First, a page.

RESULTS: In the USpA group (n = 57), the mean [standard deviation (SD)] age was 41.6 (11.4) years, and disease duration was 13 (10.6) years, with 54% men. In the AS group (n = 126), the mean (SD) age was 48.4 (13.5) years, and disease duration 24.6 (13.3) years, with 77% men. Spinal mobility was less restricted in USpA versus AS patients (p ≤ 0.05), with a median (interquartile range) tragus-to-wall distance of 11 (10-12) cm versus 13 (11.3-18.5) cm; thoracolumbar flexion 9 (7-10) cm versus 6.5 (4-9) cm; lateral spinal flexion 29 (25-36) cm versus 21.3 (12-31) cm; lumbar flexion 4.5 (3.5-5.0) cm versus 3.5 (2.0-4.5) cm and intermalleolar distance 113 (102-121) cm versus 101 (86-114) cm. There were no differences between the subgroups in cervical mobility, vital capacity, chest expansion or thoracic flexion, and there were few gender differences, besides anthropometric measures.

    CONCLUSION: Patients with USpA and AS had similar cervical and chest mobility, while thoracic and lumbar mobility were more severely restricted in AS. There were few gender differences in either subgroup. Further studies, to understand the full impact of USpA on spinal mobility, are needed. Copyright © 2016 John Wiley & Sons, Ltd.

  • 14.
    Sjöquist, Emma S.
    et al.
    Department of Neurobiology, Care Sciences and Society, Division of Physiotherapy, Karolinska Institutet, Huddinge, Sweden & Department of Physiotherapy, Karolinska University Hospital, Huddinge, Sweden.
    Brodin, Nina
    Department of Neurobiology, Care Sciences and Society, Division of Physiotherapy, Karolinska Institutet, Huddinge, Sweden.
    Lampa, Jon
    Department of Rheumatology, Karolinska University Hospital, Solna, Sweden.
    Jensen, Irene
    Department of Public Health Sciences, Division of Intervention and Implementation Research, Karolinska Institutet, Solna, Sweden.
    Opava, Christina H.
    Department of Neurobiology, Care Sciences and Society, Division of Physiotherapy, Karolinska Institutet, Huddinge, Sweden & Department of Rheumatology, Karolinska University Hospital, Solna, Sweden.
    Algebrandt, Marita
    Linköping University Hospital, Linköping, Sweden.
    Almin, Ingrid
    Örebro University Hospital, Örebro, Sweden.
    Andersson, Britt
    Karolinska University Hospital, Solna, Stockholm, Sweden.
    Bertholds, Gunhild
    Skövde Hospital, Skövde, Sweden.
    Forsberg, Catarina
    Falun Hospital, Falun, Sweden.
    Haglund, Emma
    Spenshult AB, Oskarström, Sweden.
    Holmén-Andersson, Ann‐Marie
    Sahlgrenska University Hospital, Mölndal, Sweden.
    Hultman, Anna
    Uppsala University Hospital, Uppsala, Sweden.
    Lennartsson, Claudia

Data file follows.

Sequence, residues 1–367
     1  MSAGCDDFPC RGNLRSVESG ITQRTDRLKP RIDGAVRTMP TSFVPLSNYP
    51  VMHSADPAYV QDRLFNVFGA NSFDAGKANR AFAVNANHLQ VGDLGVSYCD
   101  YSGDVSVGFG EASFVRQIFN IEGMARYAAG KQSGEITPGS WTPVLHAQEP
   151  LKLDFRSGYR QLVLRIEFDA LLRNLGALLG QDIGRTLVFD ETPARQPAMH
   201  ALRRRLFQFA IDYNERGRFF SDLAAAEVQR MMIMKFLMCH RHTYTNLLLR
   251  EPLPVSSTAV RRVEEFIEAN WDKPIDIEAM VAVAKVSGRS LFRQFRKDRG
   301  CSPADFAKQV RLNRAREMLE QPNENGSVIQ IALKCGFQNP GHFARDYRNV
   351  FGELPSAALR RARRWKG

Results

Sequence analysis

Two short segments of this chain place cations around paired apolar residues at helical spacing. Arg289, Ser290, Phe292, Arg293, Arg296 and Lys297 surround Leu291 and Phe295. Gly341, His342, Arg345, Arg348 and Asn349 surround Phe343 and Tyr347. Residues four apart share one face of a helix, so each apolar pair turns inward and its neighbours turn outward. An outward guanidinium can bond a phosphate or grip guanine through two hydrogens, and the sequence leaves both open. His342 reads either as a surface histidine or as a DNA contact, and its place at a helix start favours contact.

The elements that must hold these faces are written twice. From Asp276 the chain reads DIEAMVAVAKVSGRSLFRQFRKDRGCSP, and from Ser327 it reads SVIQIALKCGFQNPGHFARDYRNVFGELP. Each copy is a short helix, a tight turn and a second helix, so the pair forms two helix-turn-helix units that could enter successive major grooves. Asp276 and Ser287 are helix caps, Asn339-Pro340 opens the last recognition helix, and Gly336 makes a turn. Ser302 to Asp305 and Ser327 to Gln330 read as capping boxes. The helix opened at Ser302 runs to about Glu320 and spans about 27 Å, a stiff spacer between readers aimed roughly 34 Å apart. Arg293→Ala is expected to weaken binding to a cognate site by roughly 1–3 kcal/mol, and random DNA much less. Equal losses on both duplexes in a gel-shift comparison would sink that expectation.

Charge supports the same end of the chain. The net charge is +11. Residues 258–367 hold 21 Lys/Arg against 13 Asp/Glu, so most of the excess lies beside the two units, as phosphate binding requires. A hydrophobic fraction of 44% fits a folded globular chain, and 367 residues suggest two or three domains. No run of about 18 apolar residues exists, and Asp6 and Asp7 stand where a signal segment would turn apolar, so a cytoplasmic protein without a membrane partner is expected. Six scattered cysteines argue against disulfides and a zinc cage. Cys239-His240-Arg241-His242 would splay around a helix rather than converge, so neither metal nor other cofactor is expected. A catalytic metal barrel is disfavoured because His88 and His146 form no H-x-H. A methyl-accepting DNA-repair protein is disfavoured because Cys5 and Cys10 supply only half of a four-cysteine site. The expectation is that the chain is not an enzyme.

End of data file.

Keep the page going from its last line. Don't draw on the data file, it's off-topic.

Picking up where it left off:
Karolinska University Hospital, Huddinge, Stockholm, Sweden.
    Norman, Elin
    Danderyd Hospital, Stockholm, Sweden.
    Physical Activity Coaching of Patients with Rheumatoid Arthritis in Everyday Practice: A Long-term Follow-up2011In: Musculoskeletal Care, ISSN 1478-2189, E-ISSN 1557-0681, Vol. 9, no 2, p. 75-85Article in journal (Refereed)
    Abstract [en]

    OBJECTIVES: To investigate the long-term effects on perceived general health, disease activity, pain, activity limitation and cognitive behavioural factors of a one-year coaching programme performed in ordinary physical therapy practice to promote the adoption of health-enhancing physical activity in patients with early rheumatoid arthritis (RA).

    METHODS: A total of 228 patients with early RA, from 10 rheumatology clinics in Sweden, were randomly assigned to an intervention group (IG; n = 94) or a control group (CG; n = 134). The IG was coached by physical therapists during the first year to adopt health-enhancing levels of physical activity (30 minutes/day, moderately intensive, ≥ 4 days/week). No coaching was given during the subsequent year between post-intervention and follow-up. Follow-up assessment consisted of a postal questionnaire on physical activity and of visual analogue scales for ratings of general health perception and pain. The Health Assessment Questionnaire Disability Index (HAQ) and the Disease Activity Score in 28 joints (DAS 28) were collected at regular medical check-ups.

    RESULTS: Sixty-five (69%) participants in the IG and 92 (69%) in the CG completed the entire study period by filling in the follow-up questionnaire on physical activity two years after baseline. The intervention seemed to lack any significant influence on long-term outcome. However, different patterns of change in physical activity behaviour were observed in the two groups.